Perhaps no player experienced a bigger change in fortune recently than Brandon McCarthy. Stuck eating inning on a terrible Diamondbacks team, McCarthy will now attempt to push the Yankees into the playoffs over the second-half of the season. On the surface, it doesn't seem all that rosy. But savvy Fantasy owners know that ERA isn't always the safest way to measure a pitcher. Given the recent trade, and the optimism of the advanced metrics, is McCarthy ready to bust out?
Before we get to the answer, it's probably wise to discuss why the advanced stats believe McCarthy has been a much better pitcher this season. Prior to the trade, Chris Towers profiled McCarthy for the Fantasy Baseball Today blog. Here's what Towers had to say:
McCarthy is inducing a ton of groundballs thanks to that hard sinker, but one in five of his flyballs has still left the yard. Coupled with a .338 BABIP that stands as the fourth-highest for any qualified pitcher, it is easy to see where his problems are coming from. However, McCarthy's line-drive percentage is nearly identical to his career mark, indicating his BABIP could be in line for regression.
Additionally, 46.7 percent of his 15 home runs allowed have cleared the fence by just 10 vertical feet; compared to just 31.99 percent for the league as a whole. McCarthy even had one home run pop out of his center fielder's glove early in the season. That is the type of play that scream's "unlucky."
Overall, McCarthy has a 3.80 FIP and a 2.89 xFIP. By both measures, he should be much better than he has performed thus far. Towers also mentioned McCarthy's jump in velocity and swinging strike rate, which should also lead to more success.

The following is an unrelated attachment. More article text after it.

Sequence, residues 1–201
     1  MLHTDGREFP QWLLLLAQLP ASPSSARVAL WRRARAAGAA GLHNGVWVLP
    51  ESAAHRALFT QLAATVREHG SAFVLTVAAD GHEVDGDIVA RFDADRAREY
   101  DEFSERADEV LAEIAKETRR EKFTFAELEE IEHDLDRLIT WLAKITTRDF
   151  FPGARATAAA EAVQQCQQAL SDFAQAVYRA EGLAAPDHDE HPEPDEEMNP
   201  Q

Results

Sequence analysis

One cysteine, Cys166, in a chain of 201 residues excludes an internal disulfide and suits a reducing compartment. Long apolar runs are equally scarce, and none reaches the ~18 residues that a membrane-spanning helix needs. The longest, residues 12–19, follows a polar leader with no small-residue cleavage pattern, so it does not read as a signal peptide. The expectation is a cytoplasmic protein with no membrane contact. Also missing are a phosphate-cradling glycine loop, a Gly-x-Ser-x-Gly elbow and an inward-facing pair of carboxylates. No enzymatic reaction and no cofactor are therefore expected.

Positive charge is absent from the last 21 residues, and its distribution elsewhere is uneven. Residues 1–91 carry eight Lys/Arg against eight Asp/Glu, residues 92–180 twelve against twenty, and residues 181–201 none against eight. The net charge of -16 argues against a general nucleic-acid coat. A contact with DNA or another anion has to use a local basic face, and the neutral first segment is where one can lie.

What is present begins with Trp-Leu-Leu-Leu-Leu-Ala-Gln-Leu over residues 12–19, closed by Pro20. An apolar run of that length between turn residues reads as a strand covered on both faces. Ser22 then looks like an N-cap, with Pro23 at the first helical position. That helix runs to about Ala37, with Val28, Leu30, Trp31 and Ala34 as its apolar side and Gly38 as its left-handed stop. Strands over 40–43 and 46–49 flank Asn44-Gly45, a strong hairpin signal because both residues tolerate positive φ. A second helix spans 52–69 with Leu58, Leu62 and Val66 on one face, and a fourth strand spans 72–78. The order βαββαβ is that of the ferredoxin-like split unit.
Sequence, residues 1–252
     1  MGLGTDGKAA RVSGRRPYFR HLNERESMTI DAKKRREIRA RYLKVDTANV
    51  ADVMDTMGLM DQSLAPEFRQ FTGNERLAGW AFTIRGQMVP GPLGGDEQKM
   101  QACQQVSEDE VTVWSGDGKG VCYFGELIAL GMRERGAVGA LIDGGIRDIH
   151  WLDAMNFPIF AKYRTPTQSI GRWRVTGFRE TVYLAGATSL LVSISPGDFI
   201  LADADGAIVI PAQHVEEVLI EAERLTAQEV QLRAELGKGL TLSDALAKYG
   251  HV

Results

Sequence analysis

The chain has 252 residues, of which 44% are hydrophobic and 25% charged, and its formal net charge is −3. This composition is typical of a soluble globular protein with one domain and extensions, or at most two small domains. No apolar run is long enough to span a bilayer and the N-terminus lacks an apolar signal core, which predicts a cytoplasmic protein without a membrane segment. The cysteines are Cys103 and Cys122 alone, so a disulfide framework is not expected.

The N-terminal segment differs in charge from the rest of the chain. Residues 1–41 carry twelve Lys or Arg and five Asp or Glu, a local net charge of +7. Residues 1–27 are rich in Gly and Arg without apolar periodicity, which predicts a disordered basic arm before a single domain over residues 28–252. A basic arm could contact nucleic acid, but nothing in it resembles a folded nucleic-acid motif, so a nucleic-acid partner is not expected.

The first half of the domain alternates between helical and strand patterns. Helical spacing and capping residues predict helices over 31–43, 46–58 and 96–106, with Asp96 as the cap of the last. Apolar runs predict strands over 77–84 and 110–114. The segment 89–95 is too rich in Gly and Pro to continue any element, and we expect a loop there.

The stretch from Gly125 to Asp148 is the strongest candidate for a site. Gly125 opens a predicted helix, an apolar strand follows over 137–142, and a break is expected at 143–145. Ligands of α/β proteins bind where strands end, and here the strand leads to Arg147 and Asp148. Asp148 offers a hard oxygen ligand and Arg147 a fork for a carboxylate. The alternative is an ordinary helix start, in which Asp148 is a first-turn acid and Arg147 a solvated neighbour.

In that sense, he's still a big candidate to improve. The trade to New York has helped Fantasy owners take notice, as McCarthy's ownership rates have nearly doubled over the past week. He's now up to 26 percent ownership across CBSSports.com leagues.
Unfortunately for McCarthy, things aren't going to get easier pitching in Yankees Stadium. If McCarthy's former home, Chase Field, was considered a hitter's park, Yankees Stadium is a hitter's haven. To add insult to injury, the one part of the game where McCarthy has shown major struggles this season is the area where Yankees Stadium should hurt most.
The new park allows home runs at a ridiculous rate. According to StatCorner.com, Yankees Stadium has a 140 home run park factor for left-handed hitters, and a 125 home run park factor for righties. A neutral park would have a value of 100, giving you an idea of just how much power is inflated in New York. Both of those figures are higher than what McCarthy faced while pitching at Chase.
He also loses the benefit of pitching in the National League. Offense is slightly up in the American League, which is likely due to them not having the pitcher bat. As a league, the NL has hit .248/.312/.384 this year (per FanGraphs.com). The AL has hit a slightly better, .254/.319/.396. Taking a pitcher's bat out of the lineup and replacing it with David Ortiz's bat does matter, and it's now an issue McCarthy will have to combat.
Where exactly does that leave us? McCarthy is a pretty decent bounce-back candidate based on the stats. There's nothing to suggest he's a pitcher who deserves to have a 5.00+ ERA. Despite that, he's moving to a tougher park in a tougher league. Regression should still take place, meaning McCarthy will likely be better over the second-half of the year, but expecting him to suddenly an ERA in the 3.00s might be tough given all the obstacles he'll have to overcome following the big move East.